Norway rat

Breeding experiments determined a dominant autosomal warfarin-resistance gene on chromosome 1 in Norway rats. According to their origin and resistance properties several geographically distinct resistant strains were described in the UK, Denmark, Germany and the USA. These were originally designated Scottish-, Welsh-, Hampshire-, Muensterland/Westphalia-, Jutland- and Chicago-type resistance, thus identifying different resistance alleles in geographically distinct Norway rat populations. This was later confirmed by the detection of the gene vitamin K epoxide reductase complex subunit 1 (VKORC1), a gene encoding an anticoagulant-sensitive component of the VKOR. Sequence variants leading to amino acid substitutions were found in this gene in rats as well as in house mice. A number of region-specific sequence variants developed independently in this gene, each conferring a certain level of resistance to anticoagulants. Among the variants with confirmed impact on the resistance status, mutations at position 139 of the gene are the most frequent.

The most widespread variants in Norway rats, with confirmed impact on warfarin and at least some other anticoagulants, are:

Tyr139Cys (Y139C): prevailing in Denmark and Germany and found so far in parts of the Azores, France, Hungary, The Netherlands and several parts of the UK.

Tyr139Phe (Y139F): prevailing in France and Belgium and also found in The Netherlands, in UK and outside Europe in South Korea.

Tyr139Ser (Y139S): conferring ‘Welsh-type resistance’, is known only from Wales.

Leu120Gln (L120Q): known in UK from Hampshire and Berkshire and now more widely across southern England, was also found in some places in France and in Belgium.

Leu128Gln (L128Q): the mutation conferring ’Scottish-type resistance’ was found in Scotland, northern England and in a few locations in central France.

Arg35Pro (R35P): marking Chicago-type resistance, was found in rats from the Chicago/USA-area and in Europe in one location in central France only. The biological role of this polymorphism remains un-clear.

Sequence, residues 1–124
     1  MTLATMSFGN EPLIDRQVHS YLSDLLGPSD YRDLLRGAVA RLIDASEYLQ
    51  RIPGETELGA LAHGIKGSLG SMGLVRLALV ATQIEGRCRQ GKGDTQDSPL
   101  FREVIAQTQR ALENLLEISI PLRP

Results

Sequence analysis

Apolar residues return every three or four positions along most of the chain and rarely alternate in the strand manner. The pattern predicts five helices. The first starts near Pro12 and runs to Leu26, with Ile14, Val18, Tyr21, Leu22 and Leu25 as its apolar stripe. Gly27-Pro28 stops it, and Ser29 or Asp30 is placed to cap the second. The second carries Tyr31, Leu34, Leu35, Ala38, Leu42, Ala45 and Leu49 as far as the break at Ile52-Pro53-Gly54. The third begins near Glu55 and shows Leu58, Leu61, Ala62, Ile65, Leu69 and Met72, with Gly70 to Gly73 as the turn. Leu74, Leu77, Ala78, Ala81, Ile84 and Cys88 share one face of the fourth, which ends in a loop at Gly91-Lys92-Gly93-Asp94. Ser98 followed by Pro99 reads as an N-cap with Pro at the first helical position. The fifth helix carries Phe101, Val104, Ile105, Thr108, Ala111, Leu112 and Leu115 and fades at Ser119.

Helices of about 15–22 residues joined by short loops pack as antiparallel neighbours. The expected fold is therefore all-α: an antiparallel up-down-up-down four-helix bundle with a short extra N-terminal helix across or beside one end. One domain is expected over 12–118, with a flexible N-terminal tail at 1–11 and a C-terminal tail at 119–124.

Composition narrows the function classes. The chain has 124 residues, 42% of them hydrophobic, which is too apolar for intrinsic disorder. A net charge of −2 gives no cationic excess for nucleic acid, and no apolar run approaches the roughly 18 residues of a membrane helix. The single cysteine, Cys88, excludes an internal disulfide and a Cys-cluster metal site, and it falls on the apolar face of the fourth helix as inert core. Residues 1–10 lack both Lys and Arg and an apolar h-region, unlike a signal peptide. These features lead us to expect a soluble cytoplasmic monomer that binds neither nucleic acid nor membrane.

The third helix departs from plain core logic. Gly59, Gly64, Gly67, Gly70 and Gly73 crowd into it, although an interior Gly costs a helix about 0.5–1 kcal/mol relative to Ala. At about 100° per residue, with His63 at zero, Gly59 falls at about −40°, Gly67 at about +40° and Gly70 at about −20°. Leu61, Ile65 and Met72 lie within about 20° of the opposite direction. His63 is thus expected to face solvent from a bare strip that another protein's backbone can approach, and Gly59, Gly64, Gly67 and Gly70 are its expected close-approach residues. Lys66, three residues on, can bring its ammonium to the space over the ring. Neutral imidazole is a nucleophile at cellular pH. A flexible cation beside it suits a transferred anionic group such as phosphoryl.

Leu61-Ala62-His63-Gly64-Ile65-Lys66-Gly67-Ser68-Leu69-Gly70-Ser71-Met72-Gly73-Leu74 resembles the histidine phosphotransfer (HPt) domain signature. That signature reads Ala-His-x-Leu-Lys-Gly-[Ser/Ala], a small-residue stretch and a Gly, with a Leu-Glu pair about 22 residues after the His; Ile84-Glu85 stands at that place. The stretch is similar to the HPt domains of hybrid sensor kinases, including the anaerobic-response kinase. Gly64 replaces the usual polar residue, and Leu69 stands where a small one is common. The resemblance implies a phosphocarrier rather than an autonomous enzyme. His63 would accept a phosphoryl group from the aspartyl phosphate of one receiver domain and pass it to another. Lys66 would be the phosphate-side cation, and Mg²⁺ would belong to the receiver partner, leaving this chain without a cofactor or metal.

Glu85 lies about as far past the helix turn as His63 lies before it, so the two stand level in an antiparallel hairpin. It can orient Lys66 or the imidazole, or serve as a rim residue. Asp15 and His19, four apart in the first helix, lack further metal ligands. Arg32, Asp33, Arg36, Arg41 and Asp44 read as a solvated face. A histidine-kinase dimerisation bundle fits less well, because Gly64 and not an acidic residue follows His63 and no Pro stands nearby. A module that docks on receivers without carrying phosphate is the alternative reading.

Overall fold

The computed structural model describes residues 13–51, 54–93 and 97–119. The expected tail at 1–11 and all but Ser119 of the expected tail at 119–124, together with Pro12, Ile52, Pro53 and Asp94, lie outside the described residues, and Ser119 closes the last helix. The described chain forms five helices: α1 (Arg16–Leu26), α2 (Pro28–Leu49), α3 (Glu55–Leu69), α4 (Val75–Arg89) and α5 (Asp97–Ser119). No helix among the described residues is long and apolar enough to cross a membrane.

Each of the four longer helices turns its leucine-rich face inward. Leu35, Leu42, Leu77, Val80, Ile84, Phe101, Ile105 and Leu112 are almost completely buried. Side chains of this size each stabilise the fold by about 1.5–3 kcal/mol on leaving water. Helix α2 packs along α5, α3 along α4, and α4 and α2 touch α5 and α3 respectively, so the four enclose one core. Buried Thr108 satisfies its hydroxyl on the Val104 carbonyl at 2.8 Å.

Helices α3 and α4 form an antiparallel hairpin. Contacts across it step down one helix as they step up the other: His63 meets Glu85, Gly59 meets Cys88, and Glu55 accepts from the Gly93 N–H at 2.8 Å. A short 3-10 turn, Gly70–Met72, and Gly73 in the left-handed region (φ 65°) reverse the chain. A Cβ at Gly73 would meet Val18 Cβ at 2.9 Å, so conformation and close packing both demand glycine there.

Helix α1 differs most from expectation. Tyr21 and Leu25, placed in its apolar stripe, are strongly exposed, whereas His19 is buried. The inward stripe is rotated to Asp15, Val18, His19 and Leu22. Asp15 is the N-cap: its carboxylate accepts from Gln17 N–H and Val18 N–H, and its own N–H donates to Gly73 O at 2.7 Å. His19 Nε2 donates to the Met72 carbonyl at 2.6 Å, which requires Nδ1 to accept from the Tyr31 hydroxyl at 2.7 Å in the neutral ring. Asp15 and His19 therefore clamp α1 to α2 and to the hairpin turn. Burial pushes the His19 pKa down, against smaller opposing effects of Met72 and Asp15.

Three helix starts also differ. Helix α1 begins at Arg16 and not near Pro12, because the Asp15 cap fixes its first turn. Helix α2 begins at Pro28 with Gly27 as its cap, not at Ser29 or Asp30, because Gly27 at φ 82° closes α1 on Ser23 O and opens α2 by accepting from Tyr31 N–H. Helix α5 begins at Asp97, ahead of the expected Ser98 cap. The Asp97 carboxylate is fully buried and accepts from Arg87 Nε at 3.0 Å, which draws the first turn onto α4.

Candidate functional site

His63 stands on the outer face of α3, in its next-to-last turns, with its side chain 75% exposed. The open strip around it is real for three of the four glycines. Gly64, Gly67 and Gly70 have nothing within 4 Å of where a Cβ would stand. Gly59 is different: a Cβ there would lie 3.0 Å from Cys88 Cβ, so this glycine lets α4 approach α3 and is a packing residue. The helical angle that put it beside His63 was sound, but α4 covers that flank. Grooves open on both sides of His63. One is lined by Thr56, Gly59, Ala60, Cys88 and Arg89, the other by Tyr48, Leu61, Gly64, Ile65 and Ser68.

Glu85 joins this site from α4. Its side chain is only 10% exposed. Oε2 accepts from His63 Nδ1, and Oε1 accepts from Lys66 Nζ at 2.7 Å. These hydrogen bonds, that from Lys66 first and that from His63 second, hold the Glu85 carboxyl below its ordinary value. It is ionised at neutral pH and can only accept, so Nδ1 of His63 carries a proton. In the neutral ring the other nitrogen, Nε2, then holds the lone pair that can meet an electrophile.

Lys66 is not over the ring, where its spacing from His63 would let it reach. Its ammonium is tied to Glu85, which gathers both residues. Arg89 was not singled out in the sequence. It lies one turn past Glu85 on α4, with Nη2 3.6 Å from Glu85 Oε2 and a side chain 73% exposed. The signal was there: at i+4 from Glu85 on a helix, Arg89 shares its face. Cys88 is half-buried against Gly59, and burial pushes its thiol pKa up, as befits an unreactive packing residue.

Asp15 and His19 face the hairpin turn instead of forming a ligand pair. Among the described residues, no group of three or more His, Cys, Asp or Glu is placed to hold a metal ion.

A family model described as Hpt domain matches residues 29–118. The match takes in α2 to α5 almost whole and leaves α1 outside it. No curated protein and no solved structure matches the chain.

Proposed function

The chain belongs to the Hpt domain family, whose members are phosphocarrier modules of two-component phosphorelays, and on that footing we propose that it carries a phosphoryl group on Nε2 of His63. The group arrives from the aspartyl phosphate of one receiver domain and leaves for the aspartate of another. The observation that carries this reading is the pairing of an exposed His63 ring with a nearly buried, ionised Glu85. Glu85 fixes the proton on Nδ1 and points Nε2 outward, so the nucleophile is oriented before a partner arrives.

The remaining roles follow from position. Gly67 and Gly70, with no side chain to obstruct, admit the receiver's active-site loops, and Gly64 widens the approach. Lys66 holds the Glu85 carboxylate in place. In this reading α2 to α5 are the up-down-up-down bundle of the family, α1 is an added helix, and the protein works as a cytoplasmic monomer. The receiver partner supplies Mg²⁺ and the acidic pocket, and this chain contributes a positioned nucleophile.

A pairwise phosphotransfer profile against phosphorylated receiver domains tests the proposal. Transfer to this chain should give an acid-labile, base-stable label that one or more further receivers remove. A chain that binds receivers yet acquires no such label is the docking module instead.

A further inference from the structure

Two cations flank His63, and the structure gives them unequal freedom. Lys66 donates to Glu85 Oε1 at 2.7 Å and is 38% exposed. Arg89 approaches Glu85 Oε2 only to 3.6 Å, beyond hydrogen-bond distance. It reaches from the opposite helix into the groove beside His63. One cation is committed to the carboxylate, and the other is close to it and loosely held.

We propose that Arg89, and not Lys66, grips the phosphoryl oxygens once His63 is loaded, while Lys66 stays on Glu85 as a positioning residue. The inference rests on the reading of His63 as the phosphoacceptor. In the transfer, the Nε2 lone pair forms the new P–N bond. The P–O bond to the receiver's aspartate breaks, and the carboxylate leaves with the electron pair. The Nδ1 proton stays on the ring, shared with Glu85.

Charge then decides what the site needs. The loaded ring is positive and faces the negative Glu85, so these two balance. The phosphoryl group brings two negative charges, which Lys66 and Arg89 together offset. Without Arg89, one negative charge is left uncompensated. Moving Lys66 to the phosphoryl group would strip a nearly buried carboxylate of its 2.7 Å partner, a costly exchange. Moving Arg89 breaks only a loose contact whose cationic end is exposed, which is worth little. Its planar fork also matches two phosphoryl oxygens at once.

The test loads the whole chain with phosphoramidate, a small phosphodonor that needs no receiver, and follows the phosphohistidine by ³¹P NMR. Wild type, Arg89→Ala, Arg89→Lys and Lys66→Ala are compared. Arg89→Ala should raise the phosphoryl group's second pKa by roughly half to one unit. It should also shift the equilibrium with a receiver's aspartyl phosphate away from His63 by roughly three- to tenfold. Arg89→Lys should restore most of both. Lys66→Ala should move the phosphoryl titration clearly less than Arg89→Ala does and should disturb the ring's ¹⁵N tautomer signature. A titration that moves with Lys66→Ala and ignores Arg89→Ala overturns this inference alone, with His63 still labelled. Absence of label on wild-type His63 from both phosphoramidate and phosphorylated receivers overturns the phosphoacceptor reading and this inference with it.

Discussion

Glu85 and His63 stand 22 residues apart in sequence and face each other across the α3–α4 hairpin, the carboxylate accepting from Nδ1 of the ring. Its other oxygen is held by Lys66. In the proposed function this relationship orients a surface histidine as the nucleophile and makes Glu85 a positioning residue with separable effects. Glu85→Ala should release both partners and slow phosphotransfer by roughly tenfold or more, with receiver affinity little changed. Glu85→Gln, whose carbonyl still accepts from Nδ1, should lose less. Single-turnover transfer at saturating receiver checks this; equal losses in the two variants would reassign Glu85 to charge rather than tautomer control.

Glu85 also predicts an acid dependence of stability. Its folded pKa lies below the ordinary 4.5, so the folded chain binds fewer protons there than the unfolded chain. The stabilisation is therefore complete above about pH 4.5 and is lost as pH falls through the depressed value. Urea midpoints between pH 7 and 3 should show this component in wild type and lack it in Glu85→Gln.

Figure 2. Distribution of anticoagulant-resistant strains of the Norway rat in Europe. The shaded areas are intended to show the approximate locations of the different resistance mutations in Europe and not their exact extent. Data from a number of published sources. For more information on the distribution of resistance in some countries see chapter 15.

Results of laboratory and field studies indicate that most of the genetic resistance variants confer practical resistance to first generation anticoagulants. Single nucleotide polymorphisms (SNP) at VKORC1 position 120 and 139 also impair the efficacy of bromadiolone and difenacoum (except for Tyr139Ser where this impairment is insufficient to cause practical treatment failure). In Rattus norvegicus there is currently no evidence that the highly potent compounds brodifacoum, difethialone or flocoumafen may be resisted.

The biochemical mechanism of anticoagulant resistance has been studied in several geographic strains/VKORC1-variants of the Norway rat. Amino acid substitutions in the VKOR seem to alter its structure and function, resulting in decreased sensitivity to anticoagulant inhibition, depending on strain characteristics. Studies showed that sequence variants at Tyr139 decrease sensitivity against warfarin to varying degrees while at other positions they dramatically reduce VKOR activity. It was hypothesized that these sequence variants, in addition to generating structural changes in the VKOR protein, may also induce compensatory mechanisms to maintain blood clotting.

Anticoagulant resistance may be accompanied by disadvantageous effects like an increased dietary requirement for vitamin K, or the promotion of arterial calcification. Such physiological fitness costs that would usually decrease the incidence of resistance in rodent populations in the absence of anticoagulant selection can be compensated for by a diet rich in vitamin K, as found in animal feeds that are frequently supplemented with vitamin K3.

Vitamin K levels that occur naturally in the diet are too low to act. as an antidote to anticoagulants.

Table 2: Three of the most important polymorphisms of the VKOR proven to induce resistance to anticoagulants in Norway rats (Rattus norvegicus), and resistance factors in male and female resistant rats, based on BCR data. Also given are the ED50 values for males and females in mg/kg bodyweight of the susceptible baseline strain. The data in this table are the result of work funded by RRAC and conducted by Dr C Prescott and Mr D Rymer (the University of Reading, UK) and Dr A Esther, (Julius Kuehn Institute, Germany).

VKORResistance factors in male/female homozygous rats
Susceptible strain ED50: (males/females)BromadioloneDifenacoumBrodifacoumFlocoumafenDifethialone
0.47 / 0.620.65 / 0.790.22 / 0.230.29 / 0.340.43 / 0.49
L120Q10 / 144.8 / 122.8 / 6.72.5 / 3.22.2 / 2.3
Y139C17 / 151.6 / 2.91.2 / 1.80.8 / 1.00.5 / 0.8
Y139F7 / 91.4 / 1.91.3 / 1.31.0 / 1.00.9 / 0.8

Table 4: Polymorphisms of the VKOR, and compounds recommended (+) to control these strains of the Norway rat (Rattus norvegicus), based on BCR data and field trials. Products containing rodenticides marked with (-) shall not be used to control respective strains.

VKORCompounds recommended (+) and not recommended (-) for control
StrainFirst-generation anticoagulantsBromadioloneDifenacoumBrodifacoumFlocoumafenDifethialone